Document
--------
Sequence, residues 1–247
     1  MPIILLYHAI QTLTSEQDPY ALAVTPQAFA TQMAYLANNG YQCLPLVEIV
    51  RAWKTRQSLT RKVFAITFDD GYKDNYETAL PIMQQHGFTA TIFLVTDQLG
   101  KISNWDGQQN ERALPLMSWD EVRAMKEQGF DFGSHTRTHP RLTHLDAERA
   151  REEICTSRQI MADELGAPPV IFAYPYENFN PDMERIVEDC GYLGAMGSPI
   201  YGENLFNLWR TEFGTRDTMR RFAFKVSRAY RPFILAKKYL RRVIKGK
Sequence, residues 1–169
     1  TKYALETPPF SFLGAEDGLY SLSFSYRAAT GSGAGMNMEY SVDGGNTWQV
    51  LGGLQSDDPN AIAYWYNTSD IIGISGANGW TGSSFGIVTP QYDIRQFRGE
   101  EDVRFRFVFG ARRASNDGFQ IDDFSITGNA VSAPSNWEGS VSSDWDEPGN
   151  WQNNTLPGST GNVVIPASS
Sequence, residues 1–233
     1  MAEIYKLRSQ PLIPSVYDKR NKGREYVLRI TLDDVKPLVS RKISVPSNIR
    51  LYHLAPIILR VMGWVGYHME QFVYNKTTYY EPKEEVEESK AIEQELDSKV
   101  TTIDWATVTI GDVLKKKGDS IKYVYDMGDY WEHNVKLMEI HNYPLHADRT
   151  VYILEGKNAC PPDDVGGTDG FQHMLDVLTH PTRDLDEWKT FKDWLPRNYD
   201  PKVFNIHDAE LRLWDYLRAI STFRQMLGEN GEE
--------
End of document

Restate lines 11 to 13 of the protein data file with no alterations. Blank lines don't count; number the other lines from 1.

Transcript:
   151  WQNNTLPGST GNVVIPASS
Sequence, residues 1–233
     1  MAEIYKLRSQ PLIPSVYDKR NKGREYVLRI TLDDVKPLVS RKISVPSNIR